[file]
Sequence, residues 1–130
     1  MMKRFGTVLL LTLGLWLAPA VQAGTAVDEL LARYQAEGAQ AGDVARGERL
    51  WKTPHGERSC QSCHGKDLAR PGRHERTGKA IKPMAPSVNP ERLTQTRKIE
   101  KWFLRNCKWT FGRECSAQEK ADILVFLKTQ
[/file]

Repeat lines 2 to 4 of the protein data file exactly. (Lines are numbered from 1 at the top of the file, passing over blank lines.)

     1  MMKRFGTVLL LTLGLWLAPA VQAGTAVDEL LARYQAEGAQ AGDVARGERL
    51  WKTPHGERSC QSCHGKDLAR PGRHERTGKA IKPMAPSVNP ERLTQTRKIE
   101  KWFLRNCKWT FGRECSAQEK ADILVFLKTQ